When I was 9-years-old, my Ma was diagnosed with breast cancer. She became very ill quickly and as young as I was, I had very little understanding of how significant cancer was. Very fast I had to adapt to my Ma’s new lifestyle while attending school and traveling with hockey. It soon became very overwhelming and playing hockey for her became my way of escaping “from the cancer”.
As she went through surgery and treatment, she still made sure she was there to drive me to practice and come to games and tournaments no matter how tired or sick she felt. I always knew how to find her in the stands, wrapped in a green blanket and wearing a hat. She said hockey was the best medicine for both of us and it was the little things that mattered, like keeping a hockey schedule.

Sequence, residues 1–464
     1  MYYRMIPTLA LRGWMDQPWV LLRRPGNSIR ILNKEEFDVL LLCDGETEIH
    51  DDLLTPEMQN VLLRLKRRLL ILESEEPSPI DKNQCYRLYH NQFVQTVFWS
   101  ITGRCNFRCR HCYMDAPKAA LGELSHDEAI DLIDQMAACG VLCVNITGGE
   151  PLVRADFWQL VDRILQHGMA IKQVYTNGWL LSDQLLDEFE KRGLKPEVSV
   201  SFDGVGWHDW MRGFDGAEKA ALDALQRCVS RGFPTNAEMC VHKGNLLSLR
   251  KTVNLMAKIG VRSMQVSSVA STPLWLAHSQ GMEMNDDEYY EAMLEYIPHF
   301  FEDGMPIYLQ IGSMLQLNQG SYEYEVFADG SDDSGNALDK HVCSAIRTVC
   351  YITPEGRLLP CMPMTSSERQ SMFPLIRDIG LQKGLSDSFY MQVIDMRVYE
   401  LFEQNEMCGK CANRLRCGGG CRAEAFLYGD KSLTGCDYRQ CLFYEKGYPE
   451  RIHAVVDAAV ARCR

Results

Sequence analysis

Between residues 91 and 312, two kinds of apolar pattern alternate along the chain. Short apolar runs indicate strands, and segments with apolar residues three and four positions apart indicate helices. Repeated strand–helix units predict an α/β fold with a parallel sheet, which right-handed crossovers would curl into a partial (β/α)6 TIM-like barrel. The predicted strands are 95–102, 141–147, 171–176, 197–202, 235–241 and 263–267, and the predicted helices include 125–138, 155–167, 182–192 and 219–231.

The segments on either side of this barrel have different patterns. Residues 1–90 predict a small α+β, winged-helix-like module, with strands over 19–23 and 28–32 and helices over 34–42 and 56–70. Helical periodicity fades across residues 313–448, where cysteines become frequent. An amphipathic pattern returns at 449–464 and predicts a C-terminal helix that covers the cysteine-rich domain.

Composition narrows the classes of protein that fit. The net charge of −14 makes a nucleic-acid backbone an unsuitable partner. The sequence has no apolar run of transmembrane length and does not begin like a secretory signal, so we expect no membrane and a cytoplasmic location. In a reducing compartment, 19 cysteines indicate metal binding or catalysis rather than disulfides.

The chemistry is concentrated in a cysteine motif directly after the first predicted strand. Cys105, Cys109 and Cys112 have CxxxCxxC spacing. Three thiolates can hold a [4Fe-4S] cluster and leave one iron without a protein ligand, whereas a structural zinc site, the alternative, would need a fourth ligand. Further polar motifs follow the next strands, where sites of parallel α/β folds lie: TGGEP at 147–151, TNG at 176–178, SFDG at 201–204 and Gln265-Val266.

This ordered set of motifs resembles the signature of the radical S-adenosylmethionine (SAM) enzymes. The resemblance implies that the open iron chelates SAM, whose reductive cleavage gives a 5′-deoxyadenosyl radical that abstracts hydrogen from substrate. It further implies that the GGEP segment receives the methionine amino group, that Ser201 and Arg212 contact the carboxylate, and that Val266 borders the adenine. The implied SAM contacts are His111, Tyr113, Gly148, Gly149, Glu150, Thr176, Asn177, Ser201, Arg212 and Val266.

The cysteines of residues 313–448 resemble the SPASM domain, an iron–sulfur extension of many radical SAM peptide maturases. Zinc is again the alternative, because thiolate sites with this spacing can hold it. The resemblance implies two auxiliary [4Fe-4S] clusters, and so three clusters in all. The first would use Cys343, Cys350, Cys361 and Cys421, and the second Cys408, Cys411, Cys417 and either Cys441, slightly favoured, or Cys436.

Ma says there is no cancer rulebook but it usually feels like you are playing on the penalty kill. You rely on your teammates to be there. They are the ones that get you through the tough shifts and the ones that are there for the little things too.
At nearly every tournament during her treatment, my teammates and I played mini sticks–one of those little things. Ma used to watch from a safe distance and joke that we needed to ‘save some for the games’ but all these years later, it’s that experience that inspired The Mini Sticks Charitable Organization. The camaraderie of hockey, the support of your team, and the chance to be a kid in the midst of cancer.
Because little things matter. Like the Mini Sticks.